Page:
buttercream – A creamy and fluffy frosting made from butter, sugar and flavoring. In addition, whole eggs, egg whites, or egg yolks may be added. Buttercream is used both as an icing or frosting and can also be used as a filling. See recipes for Swiss Meringue Buttercream, Classic French Buttercream.

butterfly cake – A cake or cupcake with the top cut off, then placed back on top to resemble butterfly wings. See recipe for Strawberry Butterfly Cupcakes.

butterscotch – a flavor made with a cooked combination of butter and brown sugar. Butterscotch is also a hard candy.

butter tart – this is Canada’s national dessert. A butter tart is a baked sweet pastry dough filled with raisins and a sweet cream filling made from butter, brown sugar, and vanilla.

cake – A sweet baked dessert often made with basic ingredients such as flour, sugar, eggs, and butter. There are numerous varieties of cakes, but there are two basic cake categories, butter cakes and foam cakes. See Cake recipes.

cake comb – A cake comb is a fun tool to use to make thin, parallel lines around the outside edge of a layer cake for a professional finish. After the cake is frosted, the comb is placed against the side of the cake, and then the cake is turned, or spun around on a cake turntable to make the lines all around. A kitchen fork or serrated knife can do the same job. Shop for cake combs.

cake leveler – A cake leveler is used to slice cakes into even, horizontal layers. It is a wide, low, U-shaped metal frame that sits on plastic feet, and a thin, sharp serrated cutting blade sits horizontally between the sides of the frame. The height of the blade is adjustable so that cakes of different heights can be cut. The cake is pushed against the cutting blade to cut the layers. Shop for cake levelers.

cake lifter – A metal or plastic disc 9 inches or more in diameter, with a handle, and is used to lift and move cake layers for icing and assembly. Shop for cake lifters.

cake rounds – Also called cake circles. These are inexpensive corrugated paper rounds for frosting and decorating cakes or transporting cakes from one location to another. After frosting a cake, and to avoid damaging the sides, slip the tip of a paring knife under the cardboard, lift the cake slightly at an angle, and slip your hand underneath to finish lifting it. The finished cake can then be placed on a serving plate. Cardboards cake rounds are also useful for bringing cakes and other pastries to parties, since you don’t have to worry about retrieving your serving platter. Shop for cardboard cake rounds.

cake spreader – Also called an angel food cake cutter, this tool looks like a long-handled hair comb, made with thin, long, evenly spaced teeth made of metal. When it is lowered into an angel food cake like a knife, it severs each piece from the whole cake without crushing the delicate crumb. Shop for Angel Food cake cutters.

cake strips – Cake strips are heat-resistant metallic fabric strips that is moistened, then wrapped around the outsides of a round cake pan before the cake is baked. They insulate the pan, keeping the edges of the cake pan from heating more rapidly than the center, to produce a more evenly baked, level cake. The strips come in several lengths and are reusable. Shop for cake strips.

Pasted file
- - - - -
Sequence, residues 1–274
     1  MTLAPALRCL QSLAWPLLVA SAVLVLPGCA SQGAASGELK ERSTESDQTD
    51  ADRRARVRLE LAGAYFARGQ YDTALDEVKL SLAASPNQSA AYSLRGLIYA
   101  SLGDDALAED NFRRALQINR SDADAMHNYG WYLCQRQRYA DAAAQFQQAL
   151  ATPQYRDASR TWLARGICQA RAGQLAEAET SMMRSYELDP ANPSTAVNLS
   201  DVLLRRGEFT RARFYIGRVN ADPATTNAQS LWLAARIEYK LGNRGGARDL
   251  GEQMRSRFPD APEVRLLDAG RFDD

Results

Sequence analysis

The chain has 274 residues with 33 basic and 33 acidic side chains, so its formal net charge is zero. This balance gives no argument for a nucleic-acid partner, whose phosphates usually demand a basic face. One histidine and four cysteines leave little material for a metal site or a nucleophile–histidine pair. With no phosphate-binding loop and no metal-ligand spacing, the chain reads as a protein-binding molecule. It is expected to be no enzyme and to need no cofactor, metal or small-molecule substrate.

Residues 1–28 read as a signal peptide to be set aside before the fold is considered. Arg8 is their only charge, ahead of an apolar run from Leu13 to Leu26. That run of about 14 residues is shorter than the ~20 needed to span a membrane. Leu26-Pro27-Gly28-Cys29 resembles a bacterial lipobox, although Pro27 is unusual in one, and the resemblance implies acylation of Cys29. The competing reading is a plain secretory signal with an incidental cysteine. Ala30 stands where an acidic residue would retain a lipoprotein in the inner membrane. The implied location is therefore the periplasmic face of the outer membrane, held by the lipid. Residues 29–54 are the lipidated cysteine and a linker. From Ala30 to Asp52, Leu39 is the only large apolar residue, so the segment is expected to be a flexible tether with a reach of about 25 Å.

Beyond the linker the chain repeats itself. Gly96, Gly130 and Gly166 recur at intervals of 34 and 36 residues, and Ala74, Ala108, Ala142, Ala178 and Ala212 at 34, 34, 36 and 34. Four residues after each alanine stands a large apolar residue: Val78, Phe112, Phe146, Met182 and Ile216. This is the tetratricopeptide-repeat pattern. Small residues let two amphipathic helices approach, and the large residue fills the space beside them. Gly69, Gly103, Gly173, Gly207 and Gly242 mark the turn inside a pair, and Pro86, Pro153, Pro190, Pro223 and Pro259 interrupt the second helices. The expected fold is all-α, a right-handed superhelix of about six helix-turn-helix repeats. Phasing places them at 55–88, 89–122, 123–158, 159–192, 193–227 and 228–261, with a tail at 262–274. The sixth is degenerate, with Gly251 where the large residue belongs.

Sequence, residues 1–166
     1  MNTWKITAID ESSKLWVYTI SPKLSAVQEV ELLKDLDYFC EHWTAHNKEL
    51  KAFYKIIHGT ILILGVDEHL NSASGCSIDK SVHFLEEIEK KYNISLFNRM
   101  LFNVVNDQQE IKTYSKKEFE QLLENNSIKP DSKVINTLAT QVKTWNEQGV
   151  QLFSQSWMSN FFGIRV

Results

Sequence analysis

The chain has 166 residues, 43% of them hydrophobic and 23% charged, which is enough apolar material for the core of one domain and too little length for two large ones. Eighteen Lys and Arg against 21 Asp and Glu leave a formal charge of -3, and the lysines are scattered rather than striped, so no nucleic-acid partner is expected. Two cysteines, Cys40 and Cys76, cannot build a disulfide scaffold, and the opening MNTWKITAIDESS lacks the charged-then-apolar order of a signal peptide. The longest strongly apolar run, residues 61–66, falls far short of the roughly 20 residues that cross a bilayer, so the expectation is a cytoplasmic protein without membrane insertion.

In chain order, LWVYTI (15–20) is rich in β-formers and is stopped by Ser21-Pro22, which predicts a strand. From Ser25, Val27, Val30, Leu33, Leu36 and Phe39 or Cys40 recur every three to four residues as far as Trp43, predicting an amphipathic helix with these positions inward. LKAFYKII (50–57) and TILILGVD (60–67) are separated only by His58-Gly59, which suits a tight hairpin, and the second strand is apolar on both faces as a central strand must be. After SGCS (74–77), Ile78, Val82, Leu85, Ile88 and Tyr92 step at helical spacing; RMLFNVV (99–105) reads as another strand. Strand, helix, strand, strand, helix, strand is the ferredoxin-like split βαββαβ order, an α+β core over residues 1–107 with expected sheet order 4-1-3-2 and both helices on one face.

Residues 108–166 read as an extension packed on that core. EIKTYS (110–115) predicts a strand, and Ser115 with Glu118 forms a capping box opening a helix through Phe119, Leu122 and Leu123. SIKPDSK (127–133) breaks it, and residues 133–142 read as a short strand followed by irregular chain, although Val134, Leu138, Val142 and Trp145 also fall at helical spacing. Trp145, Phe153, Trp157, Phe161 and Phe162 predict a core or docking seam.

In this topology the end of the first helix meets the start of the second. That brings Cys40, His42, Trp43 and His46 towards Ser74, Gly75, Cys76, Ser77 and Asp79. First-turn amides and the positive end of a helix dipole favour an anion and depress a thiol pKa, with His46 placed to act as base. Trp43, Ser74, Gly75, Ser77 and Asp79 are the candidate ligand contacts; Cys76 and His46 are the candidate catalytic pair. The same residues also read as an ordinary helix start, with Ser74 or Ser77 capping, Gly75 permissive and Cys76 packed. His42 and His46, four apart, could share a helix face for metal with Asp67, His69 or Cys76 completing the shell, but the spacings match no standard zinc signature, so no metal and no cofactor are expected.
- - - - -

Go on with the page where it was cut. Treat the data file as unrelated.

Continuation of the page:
cake tester – A cake tester is a fun little tool to have if you bake lots of cakes, made of thin metal and a decorative top, and used to pierce a baked cake to test for doneness. Of course the age-old substitute for testing the doneness of cakes is a long toothpick, or long wooden skewer. In a pinch, you can still use the method of olden days and pull a straw out of the kitchen broom to test your cake (but don’t use this unless you’ve cleaned it first.) Shop for cake testers.

cake turntable – A cake turntable, also known as a cake stand, makes frosting a cake, or more elaborate cake decorating easier. A cake turntable is like a lazy Susan; it should sit on a small pedestal and turn easily without wobbling. Shop for cake turntables.

candied fruit – Fruit or fruit peel that is preserved by cooking in sugar syrup. After cooking the fruit is normally dried and coated with granulated sugar. See recipe for Candied Lemon Peel.

candy thermometer – A candy thermometer is very useful for cooking sugar syrups and caramels. A candy thermometer has a mercury bulb with a long glass column. It is normally clipped to the inside of the pan, directly in the syrup but not touching the bottom of the pan, allowing you to watch as the syrup heats to the correct temperature. Shop for candy thermometers.

cannoli – An Italian dessert made with a deep fried sweet pastry formed in the shape of a horn that is filled with a mixture of sweetened whipped ricotta cheese, candied citrus peel, and chocolate pieces. Each end is dipped in dark chocolate and sprinkled with chopped pistachios.

caramel cage – Warm caramel is drizzled over an oiled bowl in a random or criss cross pattern. When cooled and hardened the caramel is gently lifted off the bowl and placed over a dessert or cake, making an impressive presentation.

caramelize – To heat sugar, usually in a saucepan or skillet, until the sugar turns a golden brown. See recipe for Caramel Sticks. See Sugar and Caramel Stages.

carrot cake – A popular American cake that is very moist and normally frosted with cream cheese frosting. Oil is normally used in place of butter when making the cake batter, along with grated carrots, raisins, nuts, and spices. See recipe for Carrot Cake.